A 101-year-old man who once served as a Nazi concentration camp guard was sentenced to five years in prison on Tuesday, after being charged with "knowingly and willfully" aiding and abetting the killing of prisoners at the Sachsenhausen camp between January 1942 and February 1945.
It's estimated that 100,000 prisoners were killed at Sachsenhausen, north of Berlin. The Neuruppin Regional Court found that the man, whose name was not released due to German privacy laws, was an accessory to the murder of 3,518 people during his time guarding the camp. This is likely one of the last trials of its kind, as most former Nazi guards are deceased.
"It was extraordinarily difficult to find an appropriate punishment because the acts took place a very long time ago, and the perpetrator is already very old," Neuruppin Regional Court spokeswoman Iris le Claire told CNN. "All of this had a mitigating effect on the sentence."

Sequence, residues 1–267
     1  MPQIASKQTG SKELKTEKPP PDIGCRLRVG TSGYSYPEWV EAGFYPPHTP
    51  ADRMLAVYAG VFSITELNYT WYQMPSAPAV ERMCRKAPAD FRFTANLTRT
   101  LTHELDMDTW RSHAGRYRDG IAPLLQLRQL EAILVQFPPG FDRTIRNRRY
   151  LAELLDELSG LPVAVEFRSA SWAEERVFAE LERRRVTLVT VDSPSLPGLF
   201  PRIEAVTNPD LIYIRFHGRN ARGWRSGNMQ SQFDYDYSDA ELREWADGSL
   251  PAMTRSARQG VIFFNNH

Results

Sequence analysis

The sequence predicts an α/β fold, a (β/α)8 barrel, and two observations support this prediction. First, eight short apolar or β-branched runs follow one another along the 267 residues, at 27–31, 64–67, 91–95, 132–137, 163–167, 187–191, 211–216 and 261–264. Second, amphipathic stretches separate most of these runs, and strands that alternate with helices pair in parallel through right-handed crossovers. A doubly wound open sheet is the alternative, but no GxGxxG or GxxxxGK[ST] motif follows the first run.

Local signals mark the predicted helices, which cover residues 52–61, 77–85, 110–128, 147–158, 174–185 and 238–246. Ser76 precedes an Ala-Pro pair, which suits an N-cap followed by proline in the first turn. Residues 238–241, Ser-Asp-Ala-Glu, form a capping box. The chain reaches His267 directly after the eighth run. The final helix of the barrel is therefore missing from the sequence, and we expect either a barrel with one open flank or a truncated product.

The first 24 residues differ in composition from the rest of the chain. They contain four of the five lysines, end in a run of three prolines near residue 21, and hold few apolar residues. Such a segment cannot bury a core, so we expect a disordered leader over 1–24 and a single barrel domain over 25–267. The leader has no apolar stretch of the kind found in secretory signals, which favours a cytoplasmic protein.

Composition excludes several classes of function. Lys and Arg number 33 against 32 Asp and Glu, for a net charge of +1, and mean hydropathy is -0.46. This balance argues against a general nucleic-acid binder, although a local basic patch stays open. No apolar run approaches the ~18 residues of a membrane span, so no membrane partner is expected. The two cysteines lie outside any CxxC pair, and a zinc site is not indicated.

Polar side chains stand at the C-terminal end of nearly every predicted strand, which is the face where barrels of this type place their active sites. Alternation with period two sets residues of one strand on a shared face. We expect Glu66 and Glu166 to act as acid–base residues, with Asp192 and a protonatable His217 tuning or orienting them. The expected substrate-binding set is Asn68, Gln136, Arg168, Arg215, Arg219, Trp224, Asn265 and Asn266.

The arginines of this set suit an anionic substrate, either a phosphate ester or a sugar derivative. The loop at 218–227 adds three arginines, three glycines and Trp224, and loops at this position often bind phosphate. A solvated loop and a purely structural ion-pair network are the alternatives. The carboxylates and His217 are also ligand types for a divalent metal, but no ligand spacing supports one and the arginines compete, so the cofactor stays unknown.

The man, who was first charged in 2021, denied ever being a guard at Sachsenhausen. "The thousands of people who worked in the concentration camps kept the murder machinery running," Josef Schuster, president of the Central Council of Jews in Germany, told CNN. "They were part of the system, therefore they should also take responsibility for it. It is bitter that the defendant has denied his activities at that time until the end and has shown no remorse."